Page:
What a ‘golden age’ of flying

Editor – Ticket Monthly is a CNN travel magazine that explores some of the most exciting topics in the travel world. In August, we’re going back in time to revisit some of the best retro travel experiences.

(CNN) — Cocktail lounges, five-course meals, caviar served from ice sculptures and flowing champagne: life on planes was very different in the “golden age of travel,” the time from the 1950s to the 1970s it was remembered for its beauty. and beauty.

It was the dawn of the jet age, ushered in by aircraft such as the de Havilland Comet, the Boeing 707 and the Douglas DC-8, used in the 1950s for the first scheduled transatlantic services. before the Queen of the Skies, the Boeing 747, was introduced in 1970. So what was it like to live there?

“Air travel was very special at the time,” says Graham M. Simons, a journalist and author. “It’s beautiful. It’s smooth, it’s fast.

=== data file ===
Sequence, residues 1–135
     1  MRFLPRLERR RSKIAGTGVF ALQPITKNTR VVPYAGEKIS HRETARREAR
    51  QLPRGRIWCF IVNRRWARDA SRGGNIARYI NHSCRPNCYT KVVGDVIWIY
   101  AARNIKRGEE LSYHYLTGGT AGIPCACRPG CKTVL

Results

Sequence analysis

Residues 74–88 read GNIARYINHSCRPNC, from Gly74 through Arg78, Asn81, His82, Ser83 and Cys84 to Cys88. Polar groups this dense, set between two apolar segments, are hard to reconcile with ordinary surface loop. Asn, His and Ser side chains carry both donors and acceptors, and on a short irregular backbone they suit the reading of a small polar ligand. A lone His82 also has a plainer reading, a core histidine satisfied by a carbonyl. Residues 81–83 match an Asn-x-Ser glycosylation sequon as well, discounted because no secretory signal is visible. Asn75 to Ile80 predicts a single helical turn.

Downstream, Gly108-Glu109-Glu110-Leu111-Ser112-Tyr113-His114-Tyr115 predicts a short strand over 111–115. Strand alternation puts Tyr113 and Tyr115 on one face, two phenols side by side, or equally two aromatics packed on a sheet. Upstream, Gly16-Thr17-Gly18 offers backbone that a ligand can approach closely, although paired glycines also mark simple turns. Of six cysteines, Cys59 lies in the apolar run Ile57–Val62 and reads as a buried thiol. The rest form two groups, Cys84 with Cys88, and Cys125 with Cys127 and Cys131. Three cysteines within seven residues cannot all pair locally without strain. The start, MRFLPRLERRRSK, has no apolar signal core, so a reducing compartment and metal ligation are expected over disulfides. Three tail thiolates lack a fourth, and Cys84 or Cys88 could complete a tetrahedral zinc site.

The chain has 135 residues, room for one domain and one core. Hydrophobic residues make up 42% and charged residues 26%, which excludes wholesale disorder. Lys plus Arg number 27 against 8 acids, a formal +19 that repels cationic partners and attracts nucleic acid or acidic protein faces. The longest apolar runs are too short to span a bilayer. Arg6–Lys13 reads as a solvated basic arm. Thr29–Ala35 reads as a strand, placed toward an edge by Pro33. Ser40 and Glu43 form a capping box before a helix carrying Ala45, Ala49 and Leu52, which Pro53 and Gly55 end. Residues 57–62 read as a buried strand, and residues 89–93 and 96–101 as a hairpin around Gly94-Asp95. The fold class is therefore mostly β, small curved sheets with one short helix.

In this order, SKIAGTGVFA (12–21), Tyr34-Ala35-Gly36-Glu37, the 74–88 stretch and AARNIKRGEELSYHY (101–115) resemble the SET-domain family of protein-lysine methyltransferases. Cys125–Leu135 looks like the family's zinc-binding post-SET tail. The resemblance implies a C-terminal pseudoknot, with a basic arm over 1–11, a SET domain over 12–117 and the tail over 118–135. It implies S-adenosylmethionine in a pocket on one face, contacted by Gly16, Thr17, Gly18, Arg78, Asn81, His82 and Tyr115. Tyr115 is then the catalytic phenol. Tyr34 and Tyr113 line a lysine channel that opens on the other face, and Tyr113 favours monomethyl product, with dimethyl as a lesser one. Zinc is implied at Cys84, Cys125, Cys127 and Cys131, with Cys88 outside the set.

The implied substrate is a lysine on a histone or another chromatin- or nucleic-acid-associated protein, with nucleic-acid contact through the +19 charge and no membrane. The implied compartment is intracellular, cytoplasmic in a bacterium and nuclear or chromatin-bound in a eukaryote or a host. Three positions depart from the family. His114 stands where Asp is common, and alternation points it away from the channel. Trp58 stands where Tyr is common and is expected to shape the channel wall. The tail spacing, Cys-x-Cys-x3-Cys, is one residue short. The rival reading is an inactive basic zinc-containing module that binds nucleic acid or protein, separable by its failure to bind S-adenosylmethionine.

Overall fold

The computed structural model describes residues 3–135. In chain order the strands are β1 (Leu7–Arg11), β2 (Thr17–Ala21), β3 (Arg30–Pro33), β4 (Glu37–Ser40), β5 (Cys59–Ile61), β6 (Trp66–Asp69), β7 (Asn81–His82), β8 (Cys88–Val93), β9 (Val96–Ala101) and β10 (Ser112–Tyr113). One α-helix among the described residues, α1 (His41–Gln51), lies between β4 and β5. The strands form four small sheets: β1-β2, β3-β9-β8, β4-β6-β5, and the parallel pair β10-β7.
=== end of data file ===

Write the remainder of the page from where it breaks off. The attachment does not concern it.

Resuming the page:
“People are dressed for it. The staff is really wearing haute couture clothes. And there’s more space: a seat – that’s the distance between the seats on the plane – is 36 to 40 maybe 28 inches, as they increase the number of people on board.”

I’m golden

The first class passenger seat was carved on a BOAC VC10 in 1964.

The first class passenger seat was carved on a BOAC VC10 in 1964.

Airline: Style at 30,000 Feet/Keith Lovegrove

With the number of passengers only a fraction of their days and fares becoming more expensive for anyone but the wealthy, airlines are not worried about adding more seats, but rather many benefits.

“Airlines are marketing their trips as a form of transportation, because in the 1950s, they were against cruise ships,” Simons said.

“So there are rest areas, and the possibility of four, five, six courses.

“Some of the American airlines have video displays under the runway, to help passengers pass the time.

The likes of Christian Dior, Chanel and Pierre Balmain work with Air France, Olympic Airways and Singapore Airlines to design corporate apparel.

Becoming a flight attendant — or a stewardess, as they were called until the 1970s — is a dream job.